Monday, September 7, 2015

Summer Wrap-Up 2015

Another summer at the movies has come and gone, and it's been a wild one.  The year's big winner, thanks to the massive runaway success of "Jurassic World," is Universal.  There's been a lot of chatter about them being in the top position in spite of no superhero films, but one glance at their slate reveals franchise film after franchise film, so they're hardly bucking the trend.

Nobody was all that surprised to see "Age of Ultron" and "Minions" having big opening weekends.  However, this was also the year of "Spy" and "Trainwreck" and "Straight Out of Compton."  This was the year PIXAR got back on track with "Inside Out" and "Pitch Perfect 2" couldn't be stopped.  The franchises certainly made money, but they didn't dominate the landscape the way many expected.  It's tradition to try and suss out the hot trends in moviegoing, but the most important one as far as I'm concerned, is that few of the box office winners this year were egregiously awful, the way they have been in the past.  "San Andreas" and "Minions" were about as bad as it got.  The once bulletproof Adam Sandler, however, saw his much-derided "Pixels" bomb, and stateside audiences and critics were both equally hostile to "Terminator Genisys."  On the other hand, I'm disappointed that "Shaun the Sheep" and "The Man From U.N.C.L.E." slipped through the cracks.  No comment on "American Ultra."

You could make a lot of premature pronouncements looking at this year's bombs.  Does "Hot Pursuit," mean the female buddy comedy is dead?  Does "Aloha" mean travelogue rom-coms are out?  Should we be worried about smaller science-fiction films after "Self/Less"? Modest successes like "Paper Town" and "Magic Mike XXL" suggest that midrange films aren't quite dead yet though.  And it's too much to hope that the tepid performances of "Poltergeist" and "Vacation" will mean any slowdown in the reboot craze.  The "Fantastic Four" disaster surely doesn't say anything about the state of superhero movies, but then again "Age of Ultron" and "Ant-man" weren't as profitable as some of their Marvel Universe predecessors.  There's no question why the  "Entourage" movie flopped, though.  Seriously, who decided to spend $30 million making an "Entourage" movie?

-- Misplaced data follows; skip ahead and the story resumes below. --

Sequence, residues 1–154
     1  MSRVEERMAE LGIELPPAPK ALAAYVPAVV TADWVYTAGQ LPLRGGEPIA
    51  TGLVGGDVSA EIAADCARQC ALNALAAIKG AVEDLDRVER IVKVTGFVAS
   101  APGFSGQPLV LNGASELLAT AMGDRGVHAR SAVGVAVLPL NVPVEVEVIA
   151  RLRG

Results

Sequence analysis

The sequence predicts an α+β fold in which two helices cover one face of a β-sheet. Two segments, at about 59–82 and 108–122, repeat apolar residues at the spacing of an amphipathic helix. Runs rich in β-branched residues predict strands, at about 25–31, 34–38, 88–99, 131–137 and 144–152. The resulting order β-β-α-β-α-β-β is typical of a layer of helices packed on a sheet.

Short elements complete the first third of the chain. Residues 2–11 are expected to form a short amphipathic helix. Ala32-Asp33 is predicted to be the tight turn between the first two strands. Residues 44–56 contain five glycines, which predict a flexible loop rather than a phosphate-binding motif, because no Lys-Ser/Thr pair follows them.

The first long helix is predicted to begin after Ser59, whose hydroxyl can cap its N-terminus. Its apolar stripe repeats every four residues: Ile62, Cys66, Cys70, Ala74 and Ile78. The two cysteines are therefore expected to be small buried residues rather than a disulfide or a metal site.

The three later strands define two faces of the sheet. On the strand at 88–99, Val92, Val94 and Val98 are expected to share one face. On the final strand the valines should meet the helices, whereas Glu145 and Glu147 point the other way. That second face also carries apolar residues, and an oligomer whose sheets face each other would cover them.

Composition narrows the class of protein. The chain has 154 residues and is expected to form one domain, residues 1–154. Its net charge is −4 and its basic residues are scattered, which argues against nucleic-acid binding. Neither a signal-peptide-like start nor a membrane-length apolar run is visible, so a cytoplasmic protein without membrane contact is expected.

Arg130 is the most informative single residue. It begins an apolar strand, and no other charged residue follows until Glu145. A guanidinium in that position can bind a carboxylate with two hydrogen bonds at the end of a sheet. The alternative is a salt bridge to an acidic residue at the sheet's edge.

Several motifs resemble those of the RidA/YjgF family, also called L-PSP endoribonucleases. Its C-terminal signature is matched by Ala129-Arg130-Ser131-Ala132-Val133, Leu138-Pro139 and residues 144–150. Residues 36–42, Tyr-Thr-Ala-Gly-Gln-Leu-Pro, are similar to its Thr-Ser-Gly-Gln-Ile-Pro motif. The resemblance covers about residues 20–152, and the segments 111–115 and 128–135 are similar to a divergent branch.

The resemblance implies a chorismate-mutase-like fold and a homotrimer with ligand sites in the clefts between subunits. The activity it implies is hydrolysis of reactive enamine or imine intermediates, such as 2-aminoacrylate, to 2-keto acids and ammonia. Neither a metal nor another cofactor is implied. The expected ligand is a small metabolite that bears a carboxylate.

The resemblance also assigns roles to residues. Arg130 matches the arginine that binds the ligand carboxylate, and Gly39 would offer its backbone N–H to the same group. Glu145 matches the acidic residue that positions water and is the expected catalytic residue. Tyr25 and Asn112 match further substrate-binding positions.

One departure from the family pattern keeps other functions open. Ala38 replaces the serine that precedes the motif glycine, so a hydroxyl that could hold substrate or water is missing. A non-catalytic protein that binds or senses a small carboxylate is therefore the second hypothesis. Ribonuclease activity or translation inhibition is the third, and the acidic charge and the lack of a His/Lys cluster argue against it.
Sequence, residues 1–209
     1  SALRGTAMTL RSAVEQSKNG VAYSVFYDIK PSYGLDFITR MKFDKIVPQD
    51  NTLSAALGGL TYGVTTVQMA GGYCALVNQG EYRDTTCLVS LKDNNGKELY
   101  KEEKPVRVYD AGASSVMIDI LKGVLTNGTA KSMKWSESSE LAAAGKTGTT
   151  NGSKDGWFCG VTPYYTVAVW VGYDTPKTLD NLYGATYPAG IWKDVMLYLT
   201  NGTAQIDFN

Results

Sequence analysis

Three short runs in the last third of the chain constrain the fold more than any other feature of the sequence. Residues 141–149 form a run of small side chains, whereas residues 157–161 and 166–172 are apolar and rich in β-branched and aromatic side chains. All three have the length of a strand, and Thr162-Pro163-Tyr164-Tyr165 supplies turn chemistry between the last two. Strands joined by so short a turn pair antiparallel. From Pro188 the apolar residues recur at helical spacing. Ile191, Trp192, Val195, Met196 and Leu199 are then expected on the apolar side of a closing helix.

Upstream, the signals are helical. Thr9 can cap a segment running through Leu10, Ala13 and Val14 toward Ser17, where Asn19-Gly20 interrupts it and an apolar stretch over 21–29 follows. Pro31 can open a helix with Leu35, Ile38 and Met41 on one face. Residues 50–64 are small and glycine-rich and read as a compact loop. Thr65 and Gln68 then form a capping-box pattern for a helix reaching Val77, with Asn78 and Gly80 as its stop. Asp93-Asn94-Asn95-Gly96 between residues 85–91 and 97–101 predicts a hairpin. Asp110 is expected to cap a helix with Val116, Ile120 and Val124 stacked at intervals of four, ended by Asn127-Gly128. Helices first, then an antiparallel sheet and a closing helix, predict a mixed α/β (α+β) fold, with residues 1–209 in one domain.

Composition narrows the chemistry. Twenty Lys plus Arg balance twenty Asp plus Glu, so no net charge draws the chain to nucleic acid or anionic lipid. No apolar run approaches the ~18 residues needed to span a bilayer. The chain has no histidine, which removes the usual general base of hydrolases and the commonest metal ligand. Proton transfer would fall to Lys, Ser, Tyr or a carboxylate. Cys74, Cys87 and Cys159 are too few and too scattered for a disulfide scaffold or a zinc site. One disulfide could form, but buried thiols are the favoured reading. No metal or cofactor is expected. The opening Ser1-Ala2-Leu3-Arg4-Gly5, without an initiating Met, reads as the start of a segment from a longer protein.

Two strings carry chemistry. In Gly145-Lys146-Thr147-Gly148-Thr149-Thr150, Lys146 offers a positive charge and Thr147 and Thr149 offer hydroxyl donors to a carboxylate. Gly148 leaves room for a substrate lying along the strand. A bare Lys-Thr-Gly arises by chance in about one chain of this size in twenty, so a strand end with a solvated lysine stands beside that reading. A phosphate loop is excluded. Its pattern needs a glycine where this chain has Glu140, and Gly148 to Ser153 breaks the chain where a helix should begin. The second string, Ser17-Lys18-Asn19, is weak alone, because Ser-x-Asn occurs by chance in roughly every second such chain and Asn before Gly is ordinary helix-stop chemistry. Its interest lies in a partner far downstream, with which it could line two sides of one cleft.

But enough negativity.  There were some great surprises this summer too.  Three cheers for George Miller for finally getting to make the "Mad Max" film he wanted to.  Hooray for Amy Schumer and Melissa McCarthy for silencing their critics.  "Straight Out of Compton" brought out an underserved audience and hopefully Hollywood will see fit to make more movies for them in the future.  "Jurassic World" wasn't one of my favorites, but it turned out much better than I was expecting, and I hope that Colin Trevorrow uses his newfound power wisely (and doesn't screw up "Star Wars" Episode IX).  And also, kudos to the Rock for proving that he's still a headliner with "San Andreas."

Summer was traditionally the season for kids' movies, but the specifically family friendly titles have actually been shrinking in recent years with the superhero takeover.  Of course "Inside Out" and "Minions" made a big splash, but there wasn't much else for the youngest kids.  There were only two PG rated live action films released by studios - G rated films have disappeared entirely.  Warner Brothers had the rescue dog movie "Max," which went mostly unseen, but made a little bit of money.  The other was Brad Bird's "Tomorrowland," one of the big financial disappointments of the year.  The lean pickings make the poor showing of "Shaun the Sheep" even more bizarre.

The arthouse had a rough time, without many breakthrough hits aside from the Amy Winehouse documentary and a handful of films aimed at older folks like "The Second Best Exotic Marigold Hotel," "I'll See You in My Dreams," and "Far From the Madding Crowd."  Even Woody Allen couldn't catch a break.  I still have my fingers crossed that some of the Sundance favorites like "Me and Earl and the Dying Girl," "The Diary of a Teenage Girl," "The End of the Tour" "The Stanford Prison Experiment," and "Dope" might find some love during awards season.

Finally, below are my results of the summer movie wager.  I failed pretty miserably, having picked a bunch of flops in the second half of my list, but since many of those choices were very cynical, I'm actually very happy with how the rankings shook out.  It's far more heartening to see "Pitch Perfect 2," "Mad Max: Fury Road," and "Straight Out of Compton" making money than "Pixels," "Ted 2," and "Terminator Genisys."  Also, keep in mind that the worldwide rankings are different, with "Genisys" notably having gotten a boost.

Actual Domestic Box-Office Rankings:

1. "Jurassic World"
2. "Avengers: Age of Ultron"
3. "Inside Out"
4. "Minions"
5. "Pitch Perfect 2"
6. "Ant-Man"
7. "Mission: Impossible - Rogue Nation"
8. "San Andreas"
9. "Mad Max: Fury Road"
10. "Straight Outta Compton"

My Predictions

1. "Avengers: Age of Ultron" - 7 points
2. "Minions" - 5 points
3. "Jurassic World" - 5 points
4. "Ant-Man" - 5 points
5. "Inside Out" - 5 points
6. "Ted 2"
7. "Pixels"
8. "Tomorrowland"
9. "Mission Impossible: Rogue Nation" - 5 points
10. "Terminator Genisys"

Wild Cards

Mad Max: Fury Road - 1 point
Magic Mike XXL
Fantastic Four

Final score: 33 points out of a possible 100

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